Concrete Frame Research Planning Meeting

Engineers from the US, Pakistan and Nepal Meet in Kathmandu to Plan Research to Make Reinforced Concrete Buildings with Unreinforced Masonry Infill Walls Safer In Earthquakes


Researchers and engineers from the United States, Pakistan and Nepal met in Kathmandu July 12-14, 2010 to discuss the steps needed to make concrete buildings with infill walls safer in earthquakes. Infill buildings have a reinforced concrete frame, often built without earthquake-resistant ductile details, and unreinforced masonry walls built afterward. Low construction cost, made possible by readily available materials and simple building practices, makes frames with infill one of the world’s most common building types. Regrettably, infill buildings built without earthquake-resistant features greatly increase global earthquake risk, as the tens of thousands of deaths caused by infill building collapses during this past decade’s major earthquakes attest.

Meeting participants sought to develop means to harness the positive aspects of this very popular structural system to improve global earthquake safety. Infill walls provide useful engineering properties – strength, stiffness and damping – that engineers can mobilize to improve seismic performance. Participants postulated that with appropriate guidance, engineers and builders could make relatively modest changes to their current practices to create what they termed framed infill buildings: new or retrofitted buildings that intentionally make beneficial use of infill walls to achieve earthquake safety benefits. 

Participants visit a framed infill building under construction in suburban Kathmandu.

Residential/commercial mixed-use infilled frame buildings such as this one being built in Kathmandu are very common in many areas of the world

This fresh approach to infill buildings informed the meeting’s three days of presentations, site visits and discussions. Through a series of intensive, focused discussions, participants identified specific products and dissemination mechanisms that would have a direct, positive impact on infill buildings’ earthquake safety, as well as a comprehensive set of research activities needed to generate those products. Eighteen people participated, including representatives from GeoHazards International, University of California Berkeley, Stanford University, Tipping Mar + Associates, NSET-Nepal, Tribhuvan University, Kathmandu and NED University of Engineering and Technology, Karachi.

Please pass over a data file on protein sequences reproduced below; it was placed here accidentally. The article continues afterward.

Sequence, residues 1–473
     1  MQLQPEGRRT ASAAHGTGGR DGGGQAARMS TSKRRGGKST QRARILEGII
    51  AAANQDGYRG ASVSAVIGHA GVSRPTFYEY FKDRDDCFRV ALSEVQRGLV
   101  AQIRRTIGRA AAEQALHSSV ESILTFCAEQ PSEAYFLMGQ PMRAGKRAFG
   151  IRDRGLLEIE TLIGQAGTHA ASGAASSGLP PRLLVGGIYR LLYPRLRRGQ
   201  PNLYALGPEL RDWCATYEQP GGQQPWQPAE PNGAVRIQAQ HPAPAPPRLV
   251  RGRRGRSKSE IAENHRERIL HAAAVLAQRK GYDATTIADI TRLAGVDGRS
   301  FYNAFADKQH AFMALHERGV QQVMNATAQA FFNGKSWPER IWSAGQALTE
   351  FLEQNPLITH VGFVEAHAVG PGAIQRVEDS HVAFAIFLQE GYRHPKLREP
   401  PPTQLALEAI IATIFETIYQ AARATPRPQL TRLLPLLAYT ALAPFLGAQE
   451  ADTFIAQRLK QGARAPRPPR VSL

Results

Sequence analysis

Participants agreed to pursue future collaborative research activities through a new cooperative framework: the “framed infill network”, an international, virtual network of earthquake engineering researchers and professionals interested in improving the behavior of infill buildings. The framed infill network will be open to all and would build on lessons from existing collaborative networks. The Pakistan-US Science and Technology Cooperation Program will provide seed funding for the network.


A summary of the research activities and products identified by meeting participants is located here.


The meeting was funded by the National Science Foundation under Grant No. OISE-1038198, with supplemental assistance provided by the Pakistan-US Science and Technology Cooperation Program, which is funded by the US Agency for International Development. NSET-Nepal, a Kathmandu-based earthquake safety organization and long-standing GHI partner, graciously hosted the meetings.